Nearly 18 years ago, Elysia Douglas’ friend was headed to Crawford Long Hospital (now Emory Midtown) for the birth of her son and asked if she would come along. The friend’s boyfriend wouldn’t be able to show up for the first part of the birth, and she initially just wanted Douglas to sit next to and be there for her.
As the birth went on and her friend started feeling the pains, Douglas felt that she needed to do something.
“Once her induction got started and she became more uncomfortable, there was nothing in me that could keep me sitting in that chair, just watching her be uncomfortable,” Douglas recalled.
She made sure her friend had ice chips to chew, rubbed her back, and coached her breathing. Eventually, the child’s father made it to the hospital, but Douglas was asked to stay until the baby was born.
The Baton Rouge, Louisiana, native and current Cumming resident said it was “the most miraculous thing I had ever witnessed in my life.”
“It sounds corny, but it was literally the eureka moment that said, ‘I don’t know what this is, but this is where I’m supposed to be,’” Douglas recalled.
Douglas now heads Atlanta Family Doulas, a service that offers prenatal and postpartum support in and outside the perimeter. She’s been at it for more than a decade.
Doula services for new mothers are on the rise as Black birthing people seek to take maternal health into their own hands. According to the U.S. Health and Human Services Department, certain aspects of doula care, like affirmation and advocacy, can be beneficial for populations that experience disparities in maternal care, such as Black women.
Local doulas who spoke with Capital B Atlanta during Black Maternal Health Week, said that while grateful to be on the job, they want people to know that they can’t save Black women from every negative health outcome.
Maternal death rates for Black women doubled in the United States during the coronavirus pandemic. Georgia is among the worst states for Black women to give birth. One Capital B analysis shows that majority Black counties in the state are more likely to be maternity care deserts, and the state has lost maternity wards left and right since 1994.
Doula care is just one way for Black women to advocate for themselves in the birthing process, and doulas specialize in educating expecting families on how.
“Everybody knows how babies get in. We know how they get out,” said Naima Bond, the founder of Oya Birth and Wellness. “But that middle is when stuff goes down. [That’s] when your water breaks or your mucus plug comes out. Things are going on with the baby’s heartbeat.”
Bond says the more expecting families understand about the birthing process, the less she finds herself having to do so much advocacy. That is because her clients often will advocate on their own behalf with tools she provides.
“Everybody needs childbirth education,” Bond said. “If you can’t get a doula, you have to get childbirth education. You just at least need to understand what’s going on with your body because there’s a lot of birth trauma. Some things could be avoided with just knowing what is supposed to happen.”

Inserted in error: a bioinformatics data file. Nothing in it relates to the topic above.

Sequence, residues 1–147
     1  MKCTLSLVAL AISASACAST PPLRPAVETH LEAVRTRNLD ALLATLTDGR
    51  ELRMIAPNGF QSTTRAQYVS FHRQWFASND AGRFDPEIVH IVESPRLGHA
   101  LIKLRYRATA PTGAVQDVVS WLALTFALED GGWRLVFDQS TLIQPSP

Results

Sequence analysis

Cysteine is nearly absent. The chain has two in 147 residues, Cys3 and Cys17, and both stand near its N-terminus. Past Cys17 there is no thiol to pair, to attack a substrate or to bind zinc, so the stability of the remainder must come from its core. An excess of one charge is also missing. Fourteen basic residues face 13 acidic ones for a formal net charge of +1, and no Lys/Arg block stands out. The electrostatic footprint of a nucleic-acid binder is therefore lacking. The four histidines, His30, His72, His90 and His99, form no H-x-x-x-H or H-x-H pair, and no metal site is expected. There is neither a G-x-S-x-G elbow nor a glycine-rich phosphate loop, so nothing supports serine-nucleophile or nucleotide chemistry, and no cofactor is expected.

Tanecia Lowery, the founder of Goddess Birth Sisters doula collective, emphasizes a need to seek alternatives to western medicine and treat birth as a spiritual experience.
“A lot of these spaces really try to push synthetic supplements, synthetic medicine,” Lowery, who often goes by “Holly Hallelujah,” said in an interview. “We like to encourage moms to try a natural source first, like a holistic remedy, so we’re not putting so many synthetic things in our body.”
Doulas who spoke with Capital B Atlanta also said that doctors and nurses ignoring the wishes and concerns of pregnant Black people often contributes to our higher death rates. Also, delayed prenatal care, lack of Medicaid access, and medical racism can contribute to negative health outcomes as well.
Though their service is becoming more visible, technically doulas are not medical professionals, so they often are disregarded in some hospitals.
“I feel like people think if they get a doula, it’s kind of like a savior who’s going to save us from this death rate,” Lowery said. “But when we get in those spaces, we are made to comply as well, or we’ll get kicked out or reprimanded.”
Bond shared Lowery’s frustrations over the challenges doulas face. She said that though they are a voice for expecting families, patients should also seek out more information to educate themselves on the process.
“You’ve got to vet your people. You’ve got to do your research,” Bond said. “Don’t make me have to be Jesus, too. That’s going to be a lot for everybody!”
Douglas, the Atlanta Family Doulas founder, also emphasized that despite not being able to ensure a birth goes perfectly, Black doulas are still instrumental in maternal health.
“There’s a message out there that doulas are gonna save you from bad experiences, but I think there’s some misinformation that if you have a doula, nothing bad will happen,” she said. “But the importance of having Black doulas with Black families is basically having somebody that looks like you, knowing that person is 100% for you and on your side — it’s an assurance like no other.”